The defeat of the bill prolongs and perhaps deepens the crisis. Coordinating with the Senate, the House will need to return within days to try again. Perhaps the economic situation will then lead some members to reconsider. Perhaps the bill can be changed in ways that attract a majority; I certainly have a list of improvements I would like to see. But considering the members who voted “no,” I will want to scrutinize carefully any changes designed to attract them.

I am committed over the next few days to continue working to avert financial collapse and get the best possible deal for America ‘s taxpayers and homeowners. I welcome and share your concern about this situation and will be glad to hear from you at any time.



Member of Congress

Here’s Dr. Lewis’ stellar response:

Date: Monday, September 29, 2008
From: John Lewis
To: Congressman David Price of North Carolina
Subject: Reply from Congressman David Price

Dear Congressman Price;

Thank you for your frank and fast response. I should be clear. I am opposed to bailing out these firms. But what I am more opposed to is the entire political culture of regulation–including manipulation of interest rates, Sarbanes-Oxley, changes in accounting rules, the Community Reinvestment Act, and a scad of others–that has fostered this mess. Two weeks ago no politician in Washington knew this was coming. Suddenly, after several all-nighters, they have enough knowledge to grant a quarter of a trillion dollars to a government bureaucrat, to dole out as he sees fit–and to promise another half-trillion, should his actions make it worse.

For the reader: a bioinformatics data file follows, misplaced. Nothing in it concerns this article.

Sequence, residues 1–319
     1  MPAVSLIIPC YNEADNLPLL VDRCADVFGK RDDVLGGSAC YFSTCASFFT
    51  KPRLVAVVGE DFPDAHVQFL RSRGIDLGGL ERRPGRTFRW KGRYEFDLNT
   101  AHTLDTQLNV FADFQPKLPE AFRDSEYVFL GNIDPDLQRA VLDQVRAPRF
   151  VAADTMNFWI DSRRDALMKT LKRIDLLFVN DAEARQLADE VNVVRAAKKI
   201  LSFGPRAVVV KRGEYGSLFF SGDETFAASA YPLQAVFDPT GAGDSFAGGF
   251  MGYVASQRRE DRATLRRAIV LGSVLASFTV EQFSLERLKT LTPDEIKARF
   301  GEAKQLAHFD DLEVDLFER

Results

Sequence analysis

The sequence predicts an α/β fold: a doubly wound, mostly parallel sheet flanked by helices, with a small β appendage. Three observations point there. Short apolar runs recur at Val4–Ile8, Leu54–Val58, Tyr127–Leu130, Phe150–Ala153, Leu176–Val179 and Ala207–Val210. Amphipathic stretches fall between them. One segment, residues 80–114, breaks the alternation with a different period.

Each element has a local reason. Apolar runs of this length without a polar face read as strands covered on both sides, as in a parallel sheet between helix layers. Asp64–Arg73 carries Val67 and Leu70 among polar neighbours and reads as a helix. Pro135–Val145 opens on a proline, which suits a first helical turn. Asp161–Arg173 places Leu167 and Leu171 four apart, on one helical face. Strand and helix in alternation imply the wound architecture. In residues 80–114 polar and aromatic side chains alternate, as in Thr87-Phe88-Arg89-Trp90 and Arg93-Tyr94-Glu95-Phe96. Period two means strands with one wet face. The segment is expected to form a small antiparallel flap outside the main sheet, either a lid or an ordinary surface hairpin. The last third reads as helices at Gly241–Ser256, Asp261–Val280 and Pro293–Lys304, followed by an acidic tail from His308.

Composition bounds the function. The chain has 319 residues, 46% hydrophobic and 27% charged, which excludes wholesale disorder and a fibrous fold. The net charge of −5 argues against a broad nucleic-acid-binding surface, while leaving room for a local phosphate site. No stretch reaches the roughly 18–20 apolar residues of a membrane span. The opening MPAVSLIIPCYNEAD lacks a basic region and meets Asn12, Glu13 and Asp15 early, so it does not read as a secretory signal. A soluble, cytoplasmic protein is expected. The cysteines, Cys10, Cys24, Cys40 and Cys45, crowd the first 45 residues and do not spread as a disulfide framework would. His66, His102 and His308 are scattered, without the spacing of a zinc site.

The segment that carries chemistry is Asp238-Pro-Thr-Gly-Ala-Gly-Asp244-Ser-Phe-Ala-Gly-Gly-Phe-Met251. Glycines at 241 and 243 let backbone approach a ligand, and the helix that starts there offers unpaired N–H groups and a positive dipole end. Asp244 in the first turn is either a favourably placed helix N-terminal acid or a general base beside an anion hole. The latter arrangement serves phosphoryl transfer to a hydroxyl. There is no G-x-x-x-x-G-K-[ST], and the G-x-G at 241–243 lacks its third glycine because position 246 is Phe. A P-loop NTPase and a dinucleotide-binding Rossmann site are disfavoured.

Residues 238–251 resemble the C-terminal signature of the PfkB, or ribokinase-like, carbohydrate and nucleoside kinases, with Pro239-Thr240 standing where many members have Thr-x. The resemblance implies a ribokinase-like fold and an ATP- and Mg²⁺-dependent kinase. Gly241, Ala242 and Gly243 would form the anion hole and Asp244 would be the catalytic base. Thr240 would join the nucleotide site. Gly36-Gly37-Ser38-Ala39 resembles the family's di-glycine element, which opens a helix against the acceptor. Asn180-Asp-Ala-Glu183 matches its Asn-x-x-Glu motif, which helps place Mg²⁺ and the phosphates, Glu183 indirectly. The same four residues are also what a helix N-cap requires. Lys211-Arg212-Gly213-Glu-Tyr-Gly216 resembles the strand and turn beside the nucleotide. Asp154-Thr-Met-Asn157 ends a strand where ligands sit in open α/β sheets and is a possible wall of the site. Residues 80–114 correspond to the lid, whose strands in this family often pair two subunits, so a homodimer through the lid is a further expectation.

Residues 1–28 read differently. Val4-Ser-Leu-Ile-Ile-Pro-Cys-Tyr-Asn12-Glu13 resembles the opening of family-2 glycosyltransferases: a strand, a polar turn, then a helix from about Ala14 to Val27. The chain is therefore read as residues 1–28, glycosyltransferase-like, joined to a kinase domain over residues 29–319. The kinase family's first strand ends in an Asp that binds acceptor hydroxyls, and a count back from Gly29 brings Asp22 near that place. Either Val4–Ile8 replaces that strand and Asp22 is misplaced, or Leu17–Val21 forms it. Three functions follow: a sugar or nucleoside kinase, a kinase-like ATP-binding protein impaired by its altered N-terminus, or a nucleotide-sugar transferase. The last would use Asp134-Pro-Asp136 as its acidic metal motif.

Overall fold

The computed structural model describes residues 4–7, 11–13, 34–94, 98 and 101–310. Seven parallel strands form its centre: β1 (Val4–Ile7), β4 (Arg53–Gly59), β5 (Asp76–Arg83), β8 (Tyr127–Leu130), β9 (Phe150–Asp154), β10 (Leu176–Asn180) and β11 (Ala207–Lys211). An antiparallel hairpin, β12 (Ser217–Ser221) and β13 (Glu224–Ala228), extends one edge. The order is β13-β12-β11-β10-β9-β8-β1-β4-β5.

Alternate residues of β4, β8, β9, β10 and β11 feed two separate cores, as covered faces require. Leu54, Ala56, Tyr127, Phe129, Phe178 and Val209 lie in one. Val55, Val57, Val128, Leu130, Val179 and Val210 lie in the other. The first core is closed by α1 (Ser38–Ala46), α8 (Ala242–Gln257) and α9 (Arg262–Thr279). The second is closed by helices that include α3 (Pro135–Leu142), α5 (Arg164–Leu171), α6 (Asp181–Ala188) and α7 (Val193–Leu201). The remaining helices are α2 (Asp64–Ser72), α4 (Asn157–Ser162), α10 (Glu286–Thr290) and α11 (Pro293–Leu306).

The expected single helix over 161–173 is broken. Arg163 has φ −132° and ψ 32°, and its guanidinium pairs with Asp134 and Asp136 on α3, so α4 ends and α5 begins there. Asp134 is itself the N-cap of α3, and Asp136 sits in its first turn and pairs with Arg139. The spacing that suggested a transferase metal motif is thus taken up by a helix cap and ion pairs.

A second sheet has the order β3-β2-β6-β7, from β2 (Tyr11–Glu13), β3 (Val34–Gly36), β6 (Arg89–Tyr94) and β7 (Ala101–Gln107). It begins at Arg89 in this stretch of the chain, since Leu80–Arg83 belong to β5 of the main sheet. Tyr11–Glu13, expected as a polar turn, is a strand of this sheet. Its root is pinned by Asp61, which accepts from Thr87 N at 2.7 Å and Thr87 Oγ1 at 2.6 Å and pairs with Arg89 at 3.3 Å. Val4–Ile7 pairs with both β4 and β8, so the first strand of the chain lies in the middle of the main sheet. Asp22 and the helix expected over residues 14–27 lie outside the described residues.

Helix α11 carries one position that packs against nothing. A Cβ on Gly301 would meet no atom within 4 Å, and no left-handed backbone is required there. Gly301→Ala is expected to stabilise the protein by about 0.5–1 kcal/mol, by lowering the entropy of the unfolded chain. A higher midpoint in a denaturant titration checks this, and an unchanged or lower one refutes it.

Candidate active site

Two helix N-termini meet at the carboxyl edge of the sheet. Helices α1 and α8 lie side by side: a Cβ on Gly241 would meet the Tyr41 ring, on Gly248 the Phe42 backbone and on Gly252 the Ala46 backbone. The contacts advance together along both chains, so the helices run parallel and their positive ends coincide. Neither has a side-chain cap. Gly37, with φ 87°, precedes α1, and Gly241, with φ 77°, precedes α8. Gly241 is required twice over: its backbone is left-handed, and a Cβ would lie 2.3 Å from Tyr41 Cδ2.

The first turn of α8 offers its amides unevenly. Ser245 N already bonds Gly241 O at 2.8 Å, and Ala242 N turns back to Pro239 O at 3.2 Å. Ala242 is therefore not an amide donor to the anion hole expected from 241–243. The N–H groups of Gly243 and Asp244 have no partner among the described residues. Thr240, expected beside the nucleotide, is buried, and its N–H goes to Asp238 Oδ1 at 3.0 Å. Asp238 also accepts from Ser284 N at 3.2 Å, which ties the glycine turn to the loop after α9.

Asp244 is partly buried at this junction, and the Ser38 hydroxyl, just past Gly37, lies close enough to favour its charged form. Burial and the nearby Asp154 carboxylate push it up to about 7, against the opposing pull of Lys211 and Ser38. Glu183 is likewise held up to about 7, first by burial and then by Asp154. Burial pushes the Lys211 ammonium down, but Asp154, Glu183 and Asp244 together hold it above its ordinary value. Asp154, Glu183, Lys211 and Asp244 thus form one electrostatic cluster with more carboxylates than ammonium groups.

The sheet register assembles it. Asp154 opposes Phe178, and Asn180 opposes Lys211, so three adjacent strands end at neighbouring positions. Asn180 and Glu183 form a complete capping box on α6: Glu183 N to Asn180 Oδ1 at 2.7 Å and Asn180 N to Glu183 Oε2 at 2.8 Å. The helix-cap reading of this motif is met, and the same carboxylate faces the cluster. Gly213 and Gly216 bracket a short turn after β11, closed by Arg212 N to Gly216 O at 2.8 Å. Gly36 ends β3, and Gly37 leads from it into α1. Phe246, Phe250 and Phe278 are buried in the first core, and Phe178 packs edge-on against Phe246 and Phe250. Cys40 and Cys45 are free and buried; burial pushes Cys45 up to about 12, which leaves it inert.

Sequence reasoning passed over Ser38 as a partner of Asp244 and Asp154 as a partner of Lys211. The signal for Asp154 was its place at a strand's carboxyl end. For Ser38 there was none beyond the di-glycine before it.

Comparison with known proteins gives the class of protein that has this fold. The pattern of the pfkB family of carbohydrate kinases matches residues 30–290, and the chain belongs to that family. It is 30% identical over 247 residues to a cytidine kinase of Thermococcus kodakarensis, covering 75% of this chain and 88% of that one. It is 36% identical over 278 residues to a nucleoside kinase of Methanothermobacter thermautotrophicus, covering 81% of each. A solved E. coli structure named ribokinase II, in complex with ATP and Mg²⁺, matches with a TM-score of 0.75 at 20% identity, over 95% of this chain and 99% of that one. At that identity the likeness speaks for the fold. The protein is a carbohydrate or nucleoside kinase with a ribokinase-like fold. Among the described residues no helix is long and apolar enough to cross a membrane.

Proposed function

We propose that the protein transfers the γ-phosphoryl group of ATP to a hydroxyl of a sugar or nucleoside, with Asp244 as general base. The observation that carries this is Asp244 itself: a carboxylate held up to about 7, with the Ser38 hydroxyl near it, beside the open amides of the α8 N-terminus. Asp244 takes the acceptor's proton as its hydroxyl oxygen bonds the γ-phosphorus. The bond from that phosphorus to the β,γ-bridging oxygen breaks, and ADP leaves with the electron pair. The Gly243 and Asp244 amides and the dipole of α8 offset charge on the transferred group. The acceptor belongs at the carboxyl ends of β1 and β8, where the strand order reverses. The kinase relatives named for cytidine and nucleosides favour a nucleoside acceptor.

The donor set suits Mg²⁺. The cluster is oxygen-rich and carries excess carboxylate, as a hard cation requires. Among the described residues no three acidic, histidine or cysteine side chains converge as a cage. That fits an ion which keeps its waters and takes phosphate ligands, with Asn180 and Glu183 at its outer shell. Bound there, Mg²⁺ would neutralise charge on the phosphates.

Meanwhile, the country focuses on the allegedly evil CEOs, “speculators” (read “investors”), and loan initiators who were earlier damned for NOT making loan money available to high-risk borrowers. I remind you that the Community Reinvestment Act penalizes firms for not making such risky loans. Now, suddenly, those firms are villified for following the law. Well, that’s government–it faces no penalties, except a periodic popularity contest, and can contradict itself with impunity.

Most of all, I resent the politicians and punditrs who are claiming, contrary to evidence, that it is now “impossible to get a loan” on Main Street. It is impossible to borrow millions on Wall Street, but regional banks that made prudent investors are not in danger–unless the government further coerces them.

The government is not saving Main Street–it is nationalizing it. Is it not true that, with the takeover of Fannie Mae and Freddie Mac, the government now holds paper on tens of millions of American mortgages? What does granting American citizens “equity positions” and “profits” in companies seized by the government mean, except communism? Don’t we condemn Hugo Chavez for nationalizing oil companies?